This method splits each chunk using adjacent elements, elt_before, and elt_after, in the receiver enumerator. This method split chunks between elt_before and elt_after where the block returns true.

The block is called the length of the receiver enumerator minus one.

The result enumerator yields the chunked elements as an array. So each method can be called as follows:

enum.slice_when { |elt_before, elt_after| bool }.each { |ary| ... }

For example:

Return adjacent elements from this array [1, 2, 3, 5, 6, 9, 10] in chunked elements as an array.

[1, 2, 3, 5, 6, 9, 10].slice_when {|i, j| i+1 != j }.to_a
=> [[1, 2, 3], [5, 6], [9, 10]]

The each_cons method in Ruby

Iterates the given block for each array of consecutive <n> elements. If no block is given, returns an enumerator.

irb(main):001:0> [1,2,3,4].each_cons(2).to_a
=> [[1, 2], [2, 3], [3, 4]]

irb(main):002:0> [1, 2, 3, 5, 6, 9, 10].each_cons(2).to_a
=> [[1, 2], [2, 3], [3, 5], [5, 6], [6, 9], [9, 10]]

Print any two adjacent words in a given text:

def print_adjacent_words(phrase)
   phrase.split.each_cons(2) do |words|
     puts adjacent_word = words.join(" ")
irb(main):025:0> print_adjacent_words("Hello Darkness my old friend")
Hello Darkness
Darkness my
my old
old friend
=> nil

Ruby Double star (**)

def hello(a, *b, **c)
  return a, b, c

a is a regular parameter. *b will take all the parameters passed after the first one and put them in an array. **c will take any parameter given in the format key: value at the end of the method call.

See the following examples:

One parameter

# => [1, [], {}]

More than one parameter

hello(1, 2, 3, 4)
# => [1, [2, 3, 4], {}]

More than one parameter + hash-style parameters

hello(1, 2, 3, 4, a: 1, b: 2)
# => [1, [2, 3, 4], {:a=>1, :b=>2}]

Change the starting point for your ordered lists.

Use the start attribute to change the starting point for your ordered lists.

<ol start="10">


10. Git
11. Ruby
12. JS
13. PostgreSQL
14. CSS
15. HTML

Use discard_on to discard the job with no attempts to retry

Discard the job with no attempts to retry, if the exception is raised. This is useful when the subject of the job, like an Active Record, is no longer available, and the job is thus no longer relevant.

You can also pass a block that'll be invoked. This block is yielded with the job instance as the first and the error instance as the second parameter.

Example: 1

class SearchIndexingJob < ActiveJob::Base
  discard_on ActiveJob::DeserializationError
  discard_on(CustomAppException) do |job, error|

  def perform(record)
    # Will raise ActiveJob::DeserializationError if the record can't be deserialized
    # Might raise CustomAppException for something domain specific

Example: 2:

class UserNotFoundJob < ActiveJob::Base

  discard_on ActiveRecord::RecordNotFound

  def perform(user_id)

    @user = User.find(user_id)




Test Rails log messages with RSpec

Have you wondered how to test your Rails log messages?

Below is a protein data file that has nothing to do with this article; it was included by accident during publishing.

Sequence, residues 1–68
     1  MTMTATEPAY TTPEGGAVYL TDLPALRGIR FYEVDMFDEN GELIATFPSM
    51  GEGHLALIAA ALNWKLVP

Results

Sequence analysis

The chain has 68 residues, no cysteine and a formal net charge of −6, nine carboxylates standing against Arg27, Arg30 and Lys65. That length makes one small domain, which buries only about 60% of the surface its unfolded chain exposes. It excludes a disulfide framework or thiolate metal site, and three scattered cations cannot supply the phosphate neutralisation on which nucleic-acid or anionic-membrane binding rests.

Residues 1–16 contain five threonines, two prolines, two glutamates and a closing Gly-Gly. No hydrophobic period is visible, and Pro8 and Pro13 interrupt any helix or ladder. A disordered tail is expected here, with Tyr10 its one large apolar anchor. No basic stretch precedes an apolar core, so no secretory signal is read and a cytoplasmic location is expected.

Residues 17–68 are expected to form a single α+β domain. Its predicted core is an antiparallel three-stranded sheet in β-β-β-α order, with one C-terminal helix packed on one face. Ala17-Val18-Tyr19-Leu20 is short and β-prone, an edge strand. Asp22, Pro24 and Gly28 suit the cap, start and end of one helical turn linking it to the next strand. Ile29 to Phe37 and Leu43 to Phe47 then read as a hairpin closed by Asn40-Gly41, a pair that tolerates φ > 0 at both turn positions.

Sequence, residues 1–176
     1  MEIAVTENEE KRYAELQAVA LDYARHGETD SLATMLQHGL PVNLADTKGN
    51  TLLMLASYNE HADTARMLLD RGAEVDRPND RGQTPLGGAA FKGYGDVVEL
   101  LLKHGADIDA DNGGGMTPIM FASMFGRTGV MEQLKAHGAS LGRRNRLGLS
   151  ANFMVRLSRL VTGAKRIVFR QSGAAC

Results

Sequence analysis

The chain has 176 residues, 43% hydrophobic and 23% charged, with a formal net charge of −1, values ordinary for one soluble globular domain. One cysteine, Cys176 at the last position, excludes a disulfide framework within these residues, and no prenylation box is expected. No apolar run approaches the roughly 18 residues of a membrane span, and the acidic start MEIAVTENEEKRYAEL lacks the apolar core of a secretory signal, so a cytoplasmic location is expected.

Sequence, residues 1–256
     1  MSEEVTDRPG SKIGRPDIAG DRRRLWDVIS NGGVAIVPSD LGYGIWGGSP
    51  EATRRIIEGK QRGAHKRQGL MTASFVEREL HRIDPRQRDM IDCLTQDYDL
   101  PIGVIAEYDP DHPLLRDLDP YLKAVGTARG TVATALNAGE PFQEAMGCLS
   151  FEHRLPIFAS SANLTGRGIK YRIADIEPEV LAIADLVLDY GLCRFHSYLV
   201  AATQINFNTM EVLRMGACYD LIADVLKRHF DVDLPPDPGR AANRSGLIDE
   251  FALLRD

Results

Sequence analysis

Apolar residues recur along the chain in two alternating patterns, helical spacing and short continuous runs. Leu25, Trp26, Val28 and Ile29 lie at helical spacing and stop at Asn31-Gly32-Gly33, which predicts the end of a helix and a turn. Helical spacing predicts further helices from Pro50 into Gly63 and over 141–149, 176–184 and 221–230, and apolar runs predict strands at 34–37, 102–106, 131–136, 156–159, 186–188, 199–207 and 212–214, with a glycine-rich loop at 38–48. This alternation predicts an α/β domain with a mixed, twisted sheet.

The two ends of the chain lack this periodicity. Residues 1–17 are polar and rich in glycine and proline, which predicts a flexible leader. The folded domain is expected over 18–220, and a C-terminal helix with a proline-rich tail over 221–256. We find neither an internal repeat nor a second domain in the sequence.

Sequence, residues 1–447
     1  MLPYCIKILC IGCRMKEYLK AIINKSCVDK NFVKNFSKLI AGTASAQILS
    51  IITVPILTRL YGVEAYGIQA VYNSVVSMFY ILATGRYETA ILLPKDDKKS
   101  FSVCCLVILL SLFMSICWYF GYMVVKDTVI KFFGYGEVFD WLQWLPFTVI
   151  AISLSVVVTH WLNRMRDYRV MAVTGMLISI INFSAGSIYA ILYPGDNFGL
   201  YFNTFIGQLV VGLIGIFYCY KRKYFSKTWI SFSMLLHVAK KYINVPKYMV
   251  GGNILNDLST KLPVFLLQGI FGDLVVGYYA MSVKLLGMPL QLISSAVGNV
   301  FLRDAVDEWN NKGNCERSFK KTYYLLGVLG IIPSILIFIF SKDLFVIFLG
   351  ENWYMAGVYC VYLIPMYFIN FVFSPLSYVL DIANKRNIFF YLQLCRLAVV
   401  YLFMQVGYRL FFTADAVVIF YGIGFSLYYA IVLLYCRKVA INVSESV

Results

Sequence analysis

Try this:

it "logs a message" do
  allow(Rails.logger).to receive(:info)
  expect(Rails.logger).to receive(:info).with("Someone read this post!")

  visit root_path

  expect(page).to have_content "Welcome to TIL"

Or this:

it "logs a message" do
  allow(Rails.logger).to receive(:info)

  visit root_path

  expect(page).to have_content "Welcome to TIL"
  expect(Rails.logger).to have_received(:info).with("Someone read this post!")


Comma-Separated Lists

Separate list elements with commas but not the last one:

ul > li:not(:last-child)::after {
  content: ",";


  • Hello,
  • There,
  • Comma

Source: AllThingsSmitty

Styling broken links

<img src="http://bitsofco.de/broken.jpg" alt="Broken Image">
img {
  font-family: 'Helvetica';
  font-weight: 300;
  line-height: 2;  
  text-align: center;

  width: 100%;
  height: auto;
  display: block;
  position: relative;

img:before { 
  content: "We're sorry, the image below is broken :(";
  display: block;
  margin-bottom: 10px;

img:after { 
  content: "\f1c5" " " attr(alt);

  font-size: 16px;
  font-family: FontAwesome;
  color: rgb(100, 100, 100);

  display: block;
  position: absolute;
  z-index: 2;
  top: 0;
  left: 0;
  width: 100%;
  height: 100%;
  background-color: #fff;

See the Pen Styling Broken Images by Victor Velazquez (@vicmaster) on CodePen.

Original source: bitsofco.de

How to add timeouts to slow queries

Sometimes some of your queries are taking too long to execute; you can specify optimizer hints and define timeouts for those queries.


It will raise a StatementTimeout exception if the query takes longer than usual to execute

Example (for PostgreSQL with pg_hint_plan):

Employee.optimizer_hints("SeqScan(employees)", "Parallel(employees 8)")

Example (for MySQL):

Employee.optimizer_hints("MAX_EXECUTION_TIME(50000)", "NO_INDEX_MERGE(employees)")

There are many causes for sudden slow queries in many databases, such as missing index, wrong catching, and performance.

But this is a topic for another day!

ActiveModel: Rails 6.1.0 - *_previously_changed? accepts :from and :to keyword arguments

*_previously_changed? accepts :from and :to keyword arguments like *_changed? since Rails 6.1.0

task.update!(status: :archived)
task.status_previously_changed?(from: "active", to: "archived")
# => true